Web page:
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The authors emphasize the importance of land-cover change in forecasting future freshwater …

Home » Biology Articles » Bioclimatology » Changes in climate and land use have a larger direct impact than rising CO2 on global river runoff trends » Figures

- Changes in climate and land use have a larger direct impact than rising CO2 on global river runoff trends

mcith_zpq0370776120001.jpg Figure 1  Change in global runoff anomalies from 1901 to 1999. (A) Comparison of global runoff change between that reconstucted by Labat et al. (2) and that modeled in simulation E3, including climate, atmospheric CO2, and land-use change. (B) Interannual variation and trend in modeled global runoff resulting from the effects of increased atmospheric CO2 (simulation E1), climate change (simulations E2–E1), land-use change (simulations E3–E2), and a decrease in stomatal conductance associated with rising atmospheric CO2 (simulation E4), respectively. The ORCHIDEE-simulated global runoff in simulation E3 shows a significant increasing trend with a rate of 0.17 mm/year2 during the last century, which is close to the estimation of 0.18 mm/year2 by Labat et al. (2). The global runoff trend derived from simulation E4 is estimated to be ≈0.16 mm/year2 for the period from 1960 to 1999, which is close to the study of Gedney et al. (1), who estimated a trend of ≈0.2 mm/year2 in response to the reduced leaf-level stomatal conductance because of rising atmospheric CO2 since 1960.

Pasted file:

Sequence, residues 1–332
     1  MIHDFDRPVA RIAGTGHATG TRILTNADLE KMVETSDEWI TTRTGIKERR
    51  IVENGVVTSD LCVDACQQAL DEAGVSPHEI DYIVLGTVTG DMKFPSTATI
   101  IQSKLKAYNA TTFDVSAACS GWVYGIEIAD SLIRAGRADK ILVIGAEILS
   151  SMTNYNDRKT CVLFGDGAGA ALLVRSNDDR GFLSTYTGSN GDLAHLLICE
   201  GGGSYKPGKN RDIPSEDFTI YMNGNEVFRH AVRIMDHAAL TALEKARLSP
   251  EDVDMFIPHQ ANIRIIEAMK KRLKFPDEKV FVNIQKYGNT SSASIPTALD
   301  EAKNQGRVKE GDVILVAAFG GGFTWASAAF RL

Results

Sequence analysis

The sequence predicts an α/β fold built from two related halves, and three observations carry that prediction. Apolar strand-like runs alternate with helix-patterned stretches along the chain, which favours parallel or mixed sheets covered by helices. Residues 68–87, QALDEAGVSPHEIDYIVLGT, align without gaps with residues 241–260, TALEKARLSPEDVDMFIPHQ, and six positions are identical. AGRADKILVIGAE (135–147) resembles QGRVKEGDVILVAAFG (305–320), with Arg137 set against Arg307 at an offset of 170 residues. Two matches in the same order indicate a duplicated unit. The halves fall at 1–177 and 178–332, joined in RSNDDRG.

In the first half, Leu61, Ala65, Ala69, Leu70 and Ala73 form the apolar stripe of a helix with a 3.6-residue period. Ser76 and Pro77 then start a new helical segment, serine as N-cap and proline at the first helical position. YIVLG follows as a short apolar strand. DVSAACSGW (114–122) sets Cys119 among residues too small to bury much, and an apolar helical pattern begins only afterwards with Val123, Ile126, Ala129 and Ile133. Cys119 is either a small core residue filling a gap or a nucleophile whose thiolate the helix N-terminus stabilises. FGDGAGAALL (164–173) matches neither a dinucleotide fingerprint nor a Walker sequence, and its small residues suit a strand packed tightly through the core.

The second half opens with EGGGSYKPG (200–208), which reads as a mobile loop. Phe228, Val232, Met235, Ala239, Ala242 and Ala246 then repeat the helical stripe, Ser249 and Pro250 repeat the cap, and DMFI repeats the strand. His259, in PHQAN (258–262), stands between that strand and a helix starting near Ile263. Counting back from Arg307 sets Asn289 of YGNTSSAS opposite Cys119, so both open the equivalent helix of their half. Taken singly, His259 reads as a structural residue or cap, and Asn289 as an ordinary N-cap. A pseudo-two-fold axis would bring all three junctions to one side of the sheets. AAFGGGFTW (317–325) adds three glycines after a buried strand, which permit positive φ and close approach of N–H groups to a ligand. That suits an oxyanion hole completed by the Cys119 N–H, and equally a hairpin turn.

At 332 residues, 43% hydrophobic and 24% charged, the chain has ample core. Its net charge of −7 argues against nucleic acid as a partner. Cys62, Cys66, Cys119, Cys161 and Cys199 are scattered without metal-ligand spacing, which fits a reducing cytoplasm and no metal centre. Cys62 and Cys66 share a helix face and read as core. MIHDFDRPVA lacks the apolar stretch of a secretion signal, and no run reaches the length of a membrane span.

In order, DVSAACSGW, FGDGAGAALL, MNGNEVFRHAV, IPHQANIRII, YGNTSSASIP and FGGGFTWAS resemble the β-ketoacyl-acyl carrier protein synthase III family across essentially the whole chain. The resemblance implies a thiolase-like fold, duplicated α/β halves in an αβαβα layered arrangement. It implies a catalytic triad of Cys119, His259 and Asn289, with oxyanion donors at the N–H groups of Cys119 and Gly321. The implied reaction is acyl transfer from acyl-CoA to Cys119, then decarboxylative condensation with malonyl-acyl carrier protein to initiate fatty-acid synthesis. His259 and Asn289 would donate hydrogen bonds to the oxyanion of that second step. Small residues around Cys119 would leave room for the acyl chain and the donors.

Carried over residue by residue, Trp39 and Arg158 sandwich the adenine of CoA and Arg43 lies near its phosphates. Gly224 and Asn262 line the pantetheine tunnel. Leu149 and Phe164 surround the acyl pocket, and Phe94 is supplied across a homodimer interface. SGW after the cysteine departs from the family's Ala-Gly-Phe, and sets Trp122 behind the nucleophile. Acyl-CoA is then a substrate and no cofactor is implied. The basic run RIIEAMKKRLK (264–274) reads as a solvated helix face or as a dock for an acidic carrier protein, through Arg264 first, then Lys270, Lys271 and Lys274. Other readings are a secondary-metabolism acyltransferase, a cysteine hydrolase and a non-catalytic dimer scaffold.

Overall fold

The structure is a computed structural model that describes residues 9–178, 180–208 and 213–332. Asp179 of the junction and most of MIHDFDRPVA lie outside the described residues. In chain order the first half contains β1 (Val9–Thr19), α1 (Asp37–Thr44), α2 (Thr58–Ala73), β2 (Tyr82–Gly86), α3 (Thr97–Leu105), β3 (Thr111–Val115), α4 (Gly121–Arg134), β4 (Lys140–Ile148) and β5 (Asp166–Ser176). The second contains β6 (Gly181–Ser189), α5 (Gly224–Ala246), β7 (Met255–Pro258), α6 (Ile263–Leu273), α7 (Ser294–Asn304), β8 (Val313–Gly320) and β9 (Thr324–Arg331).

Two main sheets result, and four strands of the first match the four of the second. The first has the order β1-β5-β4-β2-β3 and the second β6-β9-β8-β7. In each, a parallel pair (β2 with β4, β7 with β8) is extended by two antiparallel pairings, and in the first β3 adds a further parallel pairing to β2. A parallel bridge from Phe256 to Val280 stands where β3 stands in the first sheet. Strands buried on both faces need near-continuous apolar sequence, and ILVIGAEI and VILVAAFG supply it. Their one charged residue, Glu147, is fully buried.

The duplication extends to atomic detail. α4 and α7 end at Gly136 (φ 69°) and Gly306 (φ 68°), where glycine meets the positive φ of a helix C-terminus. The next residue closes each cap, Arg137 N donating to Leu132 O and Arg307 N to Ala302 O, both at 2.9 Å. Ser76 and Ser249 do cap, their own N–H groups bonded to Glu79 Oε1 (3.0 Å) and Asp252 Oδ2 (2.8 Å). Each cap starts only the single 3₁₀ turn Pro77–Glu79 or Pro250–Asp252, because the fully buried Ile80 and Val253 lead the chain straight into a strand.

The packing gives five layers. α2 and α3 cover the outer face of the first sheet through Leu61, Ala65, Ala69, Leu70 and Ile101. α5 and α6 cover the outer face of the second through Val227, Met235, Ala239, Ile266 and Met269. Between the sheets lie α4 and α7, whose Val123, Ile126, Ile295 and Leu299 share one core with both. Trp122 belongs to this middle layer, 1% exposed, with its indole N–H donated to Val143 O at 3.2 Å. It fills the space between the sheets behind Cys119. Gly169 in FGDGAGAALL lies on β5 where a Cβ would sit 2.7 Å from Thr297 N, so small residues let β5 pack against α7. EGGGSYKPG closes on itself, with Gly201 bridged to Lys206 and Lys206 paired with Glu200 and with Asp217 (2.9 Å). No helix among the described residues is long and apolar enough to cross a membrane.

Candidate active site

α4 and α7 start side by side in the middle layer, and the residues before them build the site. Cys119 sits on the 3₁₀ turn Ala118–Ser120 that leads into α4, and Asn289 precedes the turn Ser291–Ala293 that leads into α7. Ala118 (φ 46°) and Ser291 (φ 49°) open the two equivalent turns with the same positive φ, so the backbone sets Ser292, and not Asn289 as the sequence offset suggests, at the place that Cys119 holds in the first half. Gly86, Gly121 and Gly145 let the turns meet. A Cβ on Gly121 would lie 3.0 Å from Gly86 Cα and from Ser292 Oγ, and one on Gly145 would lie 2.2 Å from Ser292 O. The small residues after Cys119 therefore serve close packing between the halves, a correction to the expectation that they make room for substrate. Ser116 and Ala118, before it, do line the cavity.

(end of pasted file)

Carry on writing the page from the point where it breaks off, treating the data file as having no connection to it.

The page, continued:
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mcith_zpq0370776120002.jpg Figure 2  Change in the runoff anomalies during the 20th century in the different continental regions. All continents show that the runoff derived from simulation E3 is significantly correlated with that estimated by Labat et al. (2) (P < 0.02). Because of the small number (seven) of observing stations that were available in Africa since 1983, the trend in Africa runoff is calculated based on the period from 1901 to 1982. Trend_ob, runoff trend reconstructed by Labat et al. (2); Trend_climate, the modeled runoff trend because of climate change (simulations E2–E1); Trend_CO2, the modeled runoff trend because of increasing atmospheric CO2 (allowing LAI changes) (simulation E1); Trend_land, the modeled runoff trend because of land use change (simulations E3–E2). The sum of Trend_climate, Trend_CO2, and Trend_land reflects the runoff trend derived from simulation E3 that consider all factors change.

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mcith_zpq0370776120003.jpg Figure 3  Spatial distribution of the trend in modeled runoff (A–D), precipitation (E), and fraction of agriculture area (F) over the last century. (A–D) Runoff trend because of the combined effects of climate, land use, and atmospheric CO2 (simulation E3) (A); increase in atmospheric CO2 (allowing LAI changes) (simulation E1) (B); climate change (simulations E2–E1) (C); and land use change (simulation E3-E2) (D).

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